So, how do we hold this story of glitter, fanfare, and proclamation next to Jesus’ journey to the cross? Sometimes we Christians are tempted to spend a little too much time in the grandeur of Jesus’ life, focusing on his miracles and teachings. Some suggest the Transfiguration story is meant to be a foretaste of the Easter story that is to come, but we don’t live our lives solely in Easter. Instead, our lives reflect a rhythm of ups and downs, joys and sorrows, all held together. The arrival of Easter doesn’t make sense without the season of Lent. 

The power of the resurrection is made even more amazing because of Jesus’ death. Jesus without the cross is nothing new. Consequently, if we only see Jesus in the high places of our lives, the times when everything is going good,  then we are only getting half of the story. In every situation, the highs and especially the lows, Jesus promises to accompany us, gently assuring us, “Do not be afraid, I am with you.” Jesus is not confined to the mountaintops, the good times in our lives when we feel like we have it all figured out.  He descends the mountain with us, following us into the places where real life comes to fruition. 

The season of Lent gives us the opportunity to follow Jesus and his disciples down the mountain into his final weeks on earth. Lent is a beautiful time to reflect, pray, worship, and discern.  But we also anticipate the resurrection at the end of this Lenten journey, a resurrection that makes Jesus’ promise to accompany us in the joys and in our fears that much more real. This resurrection allows us to hear Jesus’ words, “do not be afraid,” and believe them because we know the end of the story. We know that fear and death do not have the final word.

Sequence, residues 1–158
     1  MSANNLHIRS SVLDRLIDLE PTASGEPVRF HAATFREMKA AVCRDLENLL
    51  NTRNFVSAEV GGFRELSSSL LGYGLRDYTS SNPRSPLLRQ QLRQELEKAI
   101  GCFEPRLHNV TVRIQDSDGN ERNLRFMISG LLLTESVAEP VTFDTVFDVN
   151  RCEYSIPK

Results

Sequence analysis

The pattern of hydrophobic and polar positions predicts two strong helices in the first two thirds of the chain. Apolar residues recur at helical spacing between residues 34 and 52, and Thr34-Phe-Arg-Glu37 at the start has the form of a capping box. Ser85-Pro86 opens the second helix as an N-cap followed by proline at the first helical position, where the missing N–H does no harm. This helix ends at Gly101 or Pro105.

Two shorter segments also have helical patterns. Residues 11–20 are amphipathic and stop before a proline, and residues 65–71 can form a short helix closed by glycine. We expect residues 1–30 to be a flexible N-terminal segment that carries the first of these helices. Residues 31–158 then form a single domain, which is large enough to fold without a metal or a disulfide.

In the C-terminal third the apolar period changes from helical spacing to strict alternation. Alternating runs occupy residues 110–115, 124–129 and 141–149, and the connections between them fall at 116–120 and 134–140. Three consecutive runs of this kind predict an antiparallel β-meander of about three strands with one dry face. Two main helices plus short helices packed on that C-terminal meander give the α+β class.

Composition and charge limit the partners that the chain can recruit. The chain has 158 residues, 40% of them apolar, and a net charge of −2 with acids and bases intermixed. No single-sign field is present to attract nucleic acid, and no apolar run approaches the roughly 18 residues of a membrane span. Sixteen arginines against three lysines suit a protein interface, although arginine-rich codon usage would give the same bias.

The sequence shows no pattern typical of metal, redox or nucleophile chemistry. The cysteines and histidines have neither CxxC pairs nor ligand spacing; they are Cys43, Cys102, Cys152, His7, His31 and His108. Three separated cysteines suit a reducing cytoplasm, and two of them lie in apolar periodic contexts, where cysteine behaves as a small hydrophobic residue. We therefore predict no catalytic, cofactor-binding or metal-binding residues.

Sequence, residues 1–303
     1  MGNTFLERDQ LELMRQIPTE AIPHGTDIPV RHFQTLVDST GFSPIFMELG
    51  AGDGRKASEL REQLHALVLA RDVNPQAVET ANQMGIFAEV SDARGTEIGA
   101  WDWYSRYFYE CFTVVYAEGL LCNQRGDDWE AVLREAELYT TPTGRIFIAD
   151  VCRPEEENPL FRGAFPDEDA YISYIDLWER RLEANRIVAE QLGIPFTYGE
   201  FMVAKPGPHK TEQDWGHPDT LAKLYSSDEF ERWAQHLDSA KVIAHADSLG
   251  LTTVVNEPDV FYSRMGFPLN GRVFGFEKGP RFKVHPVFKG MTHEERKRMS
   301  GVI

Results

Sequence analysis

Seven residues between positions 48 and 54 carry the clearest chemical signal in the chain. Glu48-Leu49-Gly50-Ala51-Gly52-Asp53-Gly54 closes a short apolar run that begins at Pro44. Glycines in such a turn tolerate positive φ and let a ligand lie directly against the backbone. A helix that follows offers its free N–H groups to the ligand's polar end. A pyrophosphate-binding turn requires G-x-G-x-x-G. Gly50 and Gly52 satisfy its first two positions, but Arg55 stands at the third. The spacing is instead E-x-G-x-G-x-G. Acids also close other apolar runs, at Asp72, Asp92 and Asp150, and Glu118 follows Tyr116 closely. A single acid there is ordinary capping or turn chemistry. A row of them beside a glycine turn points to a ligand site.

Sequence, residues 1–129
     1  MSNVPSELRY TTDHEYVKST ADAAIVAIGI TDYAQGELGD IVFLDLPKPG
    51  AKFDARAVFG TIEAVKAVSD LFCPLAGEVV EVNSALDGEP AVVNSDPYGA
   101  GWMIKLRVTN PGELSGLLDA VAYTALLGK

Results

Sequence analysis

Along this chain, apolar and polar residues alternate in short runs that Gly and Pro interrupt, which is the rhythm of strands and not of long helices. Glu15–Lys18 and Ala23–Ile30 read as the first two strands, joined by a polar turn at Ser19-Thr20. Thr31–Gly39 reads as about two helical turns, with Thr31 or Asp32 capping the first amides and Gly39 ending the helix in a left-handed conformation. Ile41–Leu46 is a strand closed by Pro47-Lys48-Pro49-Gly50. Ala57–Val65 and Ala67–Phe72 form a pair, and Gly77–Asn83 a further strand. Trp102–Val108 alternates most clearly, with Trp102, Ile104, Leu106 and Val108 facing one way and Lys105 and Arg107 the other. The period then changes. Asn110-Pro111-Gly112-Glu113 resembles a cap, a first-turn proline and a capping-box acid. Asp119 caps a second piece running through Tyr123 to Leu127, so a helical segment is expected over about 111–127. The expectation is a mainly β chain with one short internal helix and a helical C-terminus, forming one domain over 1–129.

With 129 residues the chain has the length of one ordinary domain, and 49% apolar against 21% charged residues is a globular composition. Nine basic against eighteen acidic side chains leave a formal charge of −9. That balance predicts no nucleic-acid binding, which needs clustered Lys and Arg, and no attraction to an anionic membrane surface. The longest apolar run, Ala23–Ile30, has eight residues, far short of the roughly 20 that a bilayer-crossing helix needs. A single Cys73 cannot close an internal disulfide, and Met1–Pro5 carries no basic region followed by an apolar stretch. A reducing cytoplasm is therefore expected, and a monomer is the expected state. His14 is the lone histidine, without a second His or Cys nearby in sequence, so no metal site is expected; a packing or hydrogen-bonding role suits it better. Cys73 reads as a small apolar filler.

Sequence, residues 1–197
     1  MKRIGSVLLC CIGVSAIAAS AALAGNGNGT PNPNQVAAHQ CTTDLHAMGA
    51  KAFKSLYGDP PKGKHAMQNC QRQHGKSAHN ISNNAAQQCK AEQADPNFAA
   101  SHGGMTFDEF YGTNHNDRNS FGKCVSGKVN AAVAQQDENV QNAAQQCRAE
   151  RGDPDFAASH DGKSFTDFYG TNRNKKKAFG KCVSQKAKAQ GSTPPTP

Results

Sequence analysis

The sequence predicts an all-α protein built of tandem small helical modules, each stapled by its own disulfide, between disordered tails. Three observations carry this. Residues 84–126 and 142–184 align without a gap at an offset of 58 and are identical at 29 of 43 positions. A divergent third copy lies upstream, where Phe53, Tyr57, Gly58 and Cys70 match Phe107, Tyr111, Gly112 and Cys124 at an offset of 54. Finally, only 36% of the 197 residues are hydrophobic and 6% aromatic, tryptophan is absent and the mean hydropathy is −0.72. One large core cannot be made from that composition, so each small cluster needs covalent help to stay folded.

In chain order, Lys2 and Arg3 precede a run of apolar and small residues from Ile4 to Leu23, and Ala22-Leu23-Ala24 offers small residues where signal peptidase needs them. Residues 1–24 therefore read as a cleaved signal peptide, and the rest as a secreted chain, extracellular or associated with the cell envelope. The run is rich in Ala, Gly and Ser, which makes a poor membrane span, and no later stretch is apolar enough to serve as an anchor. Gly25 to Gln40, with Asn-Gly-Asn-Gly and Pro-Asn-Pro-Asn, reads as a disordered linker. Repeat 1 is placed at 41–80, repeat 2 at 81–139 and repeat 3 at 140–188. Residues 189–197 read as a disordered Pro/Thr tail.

Where there is brokenness there will soon be reconciliation. Where there is stability, there will soon be assurance. Where there is hopelessness, a small glimmer of hope will show itself among us. This is the hope we are promised through Jesus, God’s own beloved.

Discussion Questions

  • What do you think Jesus means when tells his disciples, “do not be afraid.”? 
  • What tools do you use to help you get through hard times? 
  • What advice would you give a friend whose struggling?
  • What role does Jesus, God, or the Holy Spirit play in the highs and lows of our lives?

Activity Suggestions

  • Grab some paper and markers and map out a timeline of your life, taking special care to mark both the high points (good parts) and the low points (not so good, or really hard parts). If you’re comfortable, pick a high point and a low point to share with someone else. 
  • Create a resource list of skills and supports that you can use to help you through difficult times. Sometimes it helps to think what has helped you in the past— did you gain any helpful skills? Did you find someone to talk to who is a particularly good listener? Keep your list in a safe place so you can reference it when things get tough. 
  • Jam out to the song, “Hills and Valleys” by Tauren Wells. 

Closing Prayer

Ever-present God, from the mountaintops to deep in the valleys, the high points and the low points, the good times and the bad, you promise to be with us. As we journey to the season of Lent, help us to witness you in new rhythms and practices, the tried and true and the unexpected. Guide us as we navigate all of the complexities of life knowing that, even know we cycle through highs and lows, your love remains steadfast.